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9 Sleep Tips for Kids (& Their Exhausted Parents) During Holiday Travel

Dec 16, 2013

9 Sleep Tips for Kids (& Their Exhausted Parents) During Holiday Travel

There's so much to love about the holidays. Spending time with family, hot chocolate by the fire, and all the twinkly lights. However, holiday travel can wreak havoc on your child’s sleep, thus putting a damper in your otherwise cheery holidays. If one of your holiday wishes is to get more shut-eye, read on for some useful sleep tips you can apply to your child’s routine.

1. Schedule travel during a nap or around your child’s bedtime. Many kids will get the most sleep on a red-eye flight and a five-hour drive seems so much shorter for little ones when three of those hours were spent napping. 

2. For older kids, explain what will happen on the trip. “Mom and dad will sleep in their bed, and you’ll sleep in your own bed in our room. We’ll brush teeth, put on PJs, and read books just like at home.” Make a simple book to show your child what will happen.

3. If you're traveling east, you can stay on your western clock. For example, if you live on the West Coast and your child normally goes to bed at 7pm and wakes at 6am, she’ll now go to bed at 10pm (so you can go out to dinner) and wake at 9am (woo hoo!). The key to making this work is ensuring that the room is very dark in the early morning (ask your hosts’ permission to tack up garbage bags with painter’s tape) and using white noise to drown out ambient noise.

4. If traveling east to west, your child will wake early the first couple of days, but help her s-t-r-e-t-c-h as close as possible toward her normal times for naps and bedtime. Hang in there--she’ll adjust in a couple of days.

5. If you do want your child to adjust to the time zone you’re in, expose her to lots of natural daylight during the day, especially between 2pm and 3pm if traveling west to east (which tells the brain it’s still light out at a time when it thinks it should be dark) and between 6am and 8am if traveling east to west.

6. Add an additional ten minutes to your child’s wind-down routine to help her relax in the new place. Going through her familiar routine will help make her sleepy even though she’s in a different environment.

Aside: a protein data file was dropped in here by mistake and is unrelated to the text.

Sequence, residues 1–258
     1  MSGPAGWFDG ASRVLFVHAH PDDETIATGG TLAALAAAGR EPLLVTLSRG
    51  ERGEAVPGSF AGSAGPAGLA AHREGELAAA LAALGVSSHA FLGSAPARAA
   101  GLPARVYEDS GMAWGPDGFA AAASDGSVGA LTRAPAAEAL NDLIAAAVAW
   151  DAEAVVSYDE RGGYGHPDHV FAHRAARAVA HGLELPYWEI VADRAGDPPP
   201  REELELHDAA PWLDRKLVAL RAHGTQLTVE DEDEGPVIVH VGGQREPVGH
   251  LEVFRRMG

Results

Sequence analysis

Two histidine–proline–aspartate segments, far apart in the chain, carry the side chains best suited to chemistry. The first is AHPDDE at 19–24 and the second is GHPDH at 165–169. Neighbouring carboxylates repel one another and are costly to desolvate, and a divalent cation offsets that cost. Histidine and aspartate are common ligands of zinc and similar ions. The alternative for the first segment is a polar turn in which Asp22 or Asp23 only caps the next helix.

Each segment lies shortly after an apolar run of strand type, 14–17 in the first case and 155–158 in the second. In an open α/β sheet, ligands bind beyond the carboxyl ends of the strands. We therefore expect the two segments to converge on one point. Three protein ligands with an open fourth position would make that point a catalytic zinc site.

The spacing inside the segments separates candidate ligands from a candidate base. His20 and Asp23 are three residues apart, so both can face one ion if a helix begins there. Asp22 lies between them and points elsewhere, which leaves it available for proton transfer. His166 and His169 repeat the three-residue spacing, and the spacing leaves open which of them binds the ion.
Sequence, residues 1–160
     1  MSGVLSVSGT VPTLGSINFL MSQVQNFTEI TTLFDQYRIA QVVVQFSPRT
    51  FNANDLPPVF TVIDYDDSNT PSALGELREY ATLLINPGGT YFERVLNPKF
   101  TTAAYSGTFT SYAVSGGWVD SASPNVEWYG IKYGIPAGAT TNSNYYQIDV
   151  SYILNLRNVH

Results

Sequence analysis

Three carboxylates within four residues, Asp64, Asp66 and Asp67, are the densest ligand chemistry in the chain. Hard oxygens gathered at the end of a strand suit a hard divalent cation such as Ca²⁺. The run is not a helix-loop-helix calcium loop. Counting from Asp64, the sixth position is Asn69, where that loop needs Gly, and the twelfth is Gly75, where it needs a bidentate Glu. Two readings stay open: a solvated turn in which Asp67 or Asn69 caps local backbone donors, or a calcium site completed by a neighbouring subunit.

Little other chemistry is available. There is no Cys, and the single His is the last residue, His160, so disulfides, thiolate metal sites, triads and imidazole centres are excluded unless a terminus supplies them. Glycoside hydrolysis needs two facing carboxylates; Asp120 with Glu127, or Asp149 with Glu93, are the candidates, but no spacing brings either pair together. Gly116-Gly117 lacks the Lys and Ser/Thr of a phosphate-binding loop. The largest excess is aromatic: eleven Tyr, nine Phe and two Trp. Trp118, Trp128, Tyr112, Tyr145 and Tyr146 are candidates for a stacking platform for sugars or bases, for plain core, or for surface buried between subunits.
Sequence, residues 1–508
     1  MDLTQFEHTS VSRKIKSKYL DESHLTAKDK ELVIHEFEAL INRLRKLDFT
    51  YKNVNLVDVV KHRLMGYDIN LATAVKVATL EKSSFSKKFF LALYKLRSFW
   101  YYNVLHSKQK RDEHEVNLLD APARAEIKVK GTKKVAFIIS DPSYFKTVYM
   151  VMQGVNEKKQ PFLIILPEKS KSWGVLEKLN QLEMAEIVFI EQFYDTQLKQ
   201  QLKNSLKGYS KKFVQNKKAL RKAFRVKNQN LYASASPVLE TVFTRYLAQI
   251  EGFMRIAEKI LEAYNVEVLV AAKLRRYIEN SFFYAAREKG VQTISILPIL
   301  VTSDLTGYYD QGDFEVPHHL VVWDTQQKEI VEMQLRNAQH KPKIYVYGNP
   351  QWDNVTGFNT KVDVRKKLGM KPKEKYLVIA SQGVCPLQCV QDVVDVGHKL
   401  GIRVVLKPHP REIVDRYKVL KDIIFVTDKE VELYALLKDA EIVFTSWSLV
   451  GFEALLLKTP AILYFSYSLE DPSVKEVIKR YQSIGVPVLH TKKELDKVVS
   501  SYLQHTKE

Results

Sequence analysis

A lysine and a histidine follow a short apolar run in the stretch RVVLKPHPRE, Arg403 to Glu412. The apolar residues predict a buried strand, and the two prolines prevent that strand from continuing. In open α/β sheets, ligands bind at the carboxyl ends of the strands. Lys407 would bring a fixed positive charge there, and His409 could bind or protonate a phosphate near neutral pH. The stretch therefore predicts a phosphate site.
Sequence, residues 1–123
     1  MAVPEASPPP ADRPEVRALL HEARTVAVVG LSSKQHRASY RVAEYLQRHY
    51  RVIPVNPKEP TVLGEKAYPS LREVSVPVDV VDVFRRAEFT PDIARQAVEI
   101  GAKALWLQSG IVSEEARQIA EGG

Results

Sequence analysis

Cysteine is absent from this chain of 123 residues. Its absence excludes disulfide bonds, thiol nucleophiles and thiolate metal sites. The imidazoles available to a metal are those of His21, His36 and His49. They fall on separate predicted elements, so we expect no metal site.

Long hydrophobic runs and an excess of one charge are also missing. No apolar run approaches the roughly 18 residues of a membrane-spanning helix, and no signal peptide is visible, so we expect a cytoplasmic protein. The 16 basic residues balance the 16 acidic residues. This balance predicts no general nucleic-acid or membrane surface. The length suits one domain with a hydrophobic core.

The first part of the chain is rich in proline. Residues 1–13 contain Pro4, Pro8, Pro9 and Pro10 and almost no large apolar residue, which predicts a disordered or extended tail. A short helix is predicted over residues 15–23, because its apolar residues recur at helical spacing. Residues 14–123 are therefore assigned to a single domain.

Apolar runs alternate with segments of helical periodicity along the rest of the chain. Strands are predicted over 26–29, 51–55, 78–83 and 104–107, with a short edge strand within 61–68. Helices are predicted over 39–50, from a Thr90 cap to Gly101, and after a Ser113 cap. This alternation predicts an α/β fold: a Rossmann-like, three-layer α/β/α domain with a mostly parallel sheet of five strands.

7. Bring your child’s favorite lovey or stuffed animal from home. If using a crib, bring a crib sheet you haven’t washed in a few days, so it smells familiar.

8. It’s fine to do naps on the go in the car or stroller on vacation. If naps are shorter than usual, make bedtime earlier by 15-30 minutes so she’s not overtired.

9. If your child has trouble settling or wakes in the night, start with minimal assistance and work your way up: put a hand on baby’s tummy while you shush; then pick her up if necessary, calm, and return to her crib; and if all else fails, help her to sleep – you won’t enjoy your trip being sleep deprived. For older kids, offer some brief reassurance if they get up, but return them lovingly to bed – several times, if necessary – without making a fuss.

If all else fails, simply help your child to sleep while on vacation, or pull her into bed with you. Knowing how to sleep is like riding a bicycle: once your child knows how to do it, she won’t forget. Just return to good habits as soon as you get back home, allowing for a day or two if there’s been a time change.

Need more tips for fuss-free family travel? Click though our slideshow to get you smoothly through your journey.
By Jennifer Waldburger
Jennifer Waldburger, MSW, is co-author of The Sleepeasy Solution and Calm Mama, Happy Baby. As the co-founder of Sleepy Planet and MomAssembly, she has been working with moms and families for nearly two decades. Jennifer also helps care for more than 30,000 children through her support of the SQ Foundation.